An advisor can be both an RIA and a broker-dealer. Before you hire an advisor, ask whether they are affiliated with a broker-deal or could receive commissions as a result of their relationship with you. If an advisor can receive commissions, spend some time considering why they would be preferable to an advisor who only works on your behalf.
- They offer the core and values-aligned financial services you want.
In addition to their core services, a values-aligned advisor should also be able to discuss the selection criteria or impact lenses they will apply to their investment decisions. They should be able to talk to you about how they’ll report on the impact your investments are having and be able to show you sample reports. You should also learn the extent to which they engage in shareholder advocacy as well as what will happen to your proxies.
- They are open to a nondiscretionary relationship.
In a discretionary relationship, you give your advisor the legal ability to buy and sell investments on your behalf without asking you first. In a nondiscretionary relationship, your advisor will suggest investments to you, but you have to approve those recommendations before securities are purchased.
While a nondiscretionary approach provides you with more control, it will take more of your time. It requires you to be more educated about asset allocations, portfolio strategies, and investment options. If you’re willing to commit the time, a nondiscretionary relationship can provide a wonderful opportunity for learning, especially if you choose a financial advisor that takes your education seriously and considers it a part of their job. At this point, most of my assets are self-managed or nondiscretionary. However, I have given discretionary power to the manager of a separately managed public equities account I’m invested in, because she trades more frequently than I want to be involved and I trust her decisions.
While you may provide discretion to your advisor to buy and sell securities on your behalf, they should not have the ability to withdraw your money from your accounts. So, when you are interviewing an advisor, confirm that your money will be held with a third-party custodian, like Fidelity, Vanguard, or Schwab.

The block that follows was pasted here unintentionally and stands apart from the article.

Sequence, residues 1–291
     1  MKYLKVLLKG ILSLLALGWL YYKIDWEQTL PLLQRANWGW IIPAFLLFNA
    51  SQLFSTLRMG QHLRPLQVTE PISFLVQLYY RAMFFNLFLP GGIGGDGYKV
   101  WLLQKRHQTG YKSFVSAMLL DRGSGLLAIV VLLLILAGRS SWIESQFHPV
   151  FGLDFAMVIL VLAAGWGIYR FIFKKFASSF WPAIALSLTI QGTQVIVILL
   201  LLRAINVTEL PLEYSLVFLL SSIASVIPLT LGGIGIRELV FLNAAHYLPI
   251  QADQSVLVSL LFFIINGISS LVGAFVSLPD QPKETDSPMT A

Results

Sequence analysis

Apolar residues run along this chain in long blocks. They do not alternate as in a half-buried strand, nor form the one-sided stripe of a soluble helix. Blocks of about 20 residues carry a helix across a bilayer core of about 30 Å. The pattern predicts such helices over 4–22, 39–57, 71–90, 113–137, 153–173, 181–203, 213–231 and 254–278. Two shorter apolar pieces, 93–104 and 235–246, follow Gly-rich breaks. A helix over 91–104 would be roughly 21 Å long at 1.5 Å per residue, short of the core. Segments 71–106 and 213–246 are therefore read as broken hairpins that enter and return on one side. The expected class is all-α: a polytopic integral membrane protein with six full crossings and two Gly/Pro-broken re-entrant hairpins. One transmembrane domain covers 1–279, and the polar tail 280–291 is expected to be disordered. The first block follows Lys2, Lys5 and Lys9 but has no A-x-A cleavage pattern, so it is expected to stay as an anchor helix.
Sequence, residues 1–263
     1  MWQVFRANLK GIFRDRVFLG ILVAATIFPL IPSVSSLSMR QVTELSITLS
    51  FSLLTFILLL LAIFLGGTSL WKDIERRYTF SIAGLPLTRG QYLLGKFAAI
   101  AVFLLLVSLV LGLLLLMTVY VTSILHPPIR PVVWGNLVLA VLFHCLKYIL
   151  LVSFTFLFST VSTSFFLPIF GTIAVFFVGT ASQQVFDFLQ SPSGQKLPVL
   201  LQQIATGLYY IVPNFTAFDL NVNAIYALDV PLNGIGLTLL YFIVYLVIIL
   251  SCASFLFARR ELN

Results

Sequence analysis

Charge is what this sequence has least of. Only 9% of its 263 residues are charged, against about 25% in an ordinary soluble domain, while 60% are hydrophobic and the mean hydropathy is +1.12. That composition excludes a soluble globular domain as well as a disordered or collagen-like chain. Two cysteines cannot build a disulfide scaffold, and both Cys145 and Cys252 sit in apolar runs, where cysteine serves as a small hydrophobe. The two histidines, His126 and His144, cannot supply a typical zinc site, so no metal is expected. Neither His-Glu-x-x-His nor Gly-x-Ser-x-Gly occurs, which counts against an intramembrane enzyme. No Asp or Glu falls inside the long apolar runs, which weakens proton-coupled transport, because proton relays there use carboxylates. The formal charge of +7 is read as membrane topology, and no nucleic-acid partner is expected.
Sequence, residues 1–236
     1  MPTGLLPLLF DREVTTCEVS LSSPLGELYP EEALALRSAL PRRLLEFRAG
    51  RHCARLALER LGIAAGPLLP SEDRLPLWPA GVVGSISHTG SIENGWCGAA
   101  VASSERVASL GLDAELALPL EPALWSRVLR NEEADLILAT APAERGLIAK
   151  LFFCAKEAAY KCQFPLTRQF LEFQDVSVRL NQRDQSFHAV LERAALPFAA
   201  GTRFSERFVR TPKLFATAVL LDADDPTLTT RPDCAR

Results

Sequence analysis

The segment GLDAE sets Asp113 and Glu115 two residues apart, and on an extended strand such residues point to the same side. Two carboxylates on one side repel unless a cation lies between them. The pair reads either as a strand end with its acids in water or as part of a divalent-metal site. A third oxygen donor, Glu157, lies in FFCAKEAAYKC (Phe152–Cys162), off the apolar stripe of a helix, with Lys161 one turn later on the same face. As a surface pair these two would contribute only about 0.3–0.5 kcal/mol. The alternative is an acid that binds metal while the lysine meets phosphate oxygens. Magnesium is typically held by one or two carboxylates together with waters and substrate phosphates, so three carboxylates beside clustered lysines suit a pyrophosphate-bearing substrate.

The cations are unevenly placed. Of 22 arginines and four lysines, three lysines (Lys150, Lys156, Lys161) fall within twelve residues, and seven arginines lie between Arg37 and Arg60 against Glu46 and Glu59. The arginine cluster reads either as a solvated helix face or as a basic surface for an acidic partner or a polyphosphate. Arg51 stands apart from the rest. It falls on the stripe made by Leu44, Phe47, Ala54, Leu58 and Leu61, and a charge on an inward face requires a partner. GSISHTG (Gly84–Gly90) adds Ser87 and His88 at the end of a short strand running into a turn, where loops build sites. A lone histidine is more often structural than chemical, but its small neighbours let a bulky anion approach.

- Their fees are fair and follow industry standards.
You should pay either a flat fee for service or a percentage of the assets an advisor is managing on your behalf. Percentage fees tend to be deducted directly from your account and are often on a sliding scale: The higher the investment, the lower the fee. An advisor might charge 1.25% to manage assets of $500,000 or less, then drop to 1.0% for assets of $501,000 or more, dropping again to 0.090% after the first million invested, and so on.
Don’t assume the only fees you are paying are the fees you pay your financial advisor. Most likely you’ll pay additional fees for any funds, private investments, or other assets your advisor is managing. These fees can be quite low, as is the case of index funds (0.15% or less), or quite high (1.5% or more) in the case of actively managed accounts or private investments. It’s good to know all the fees you pay on your investments, because what you don’t know could hurt your returns.
- Their approach to working with you is clear.
The last attribute relates to the process an advisor will use to work with you. An advisor should be able to explain how they will develop their relationship with you as well as share a complete roster of their services, including what you can expect in the earlier phases of your engagement as well as what happens over time.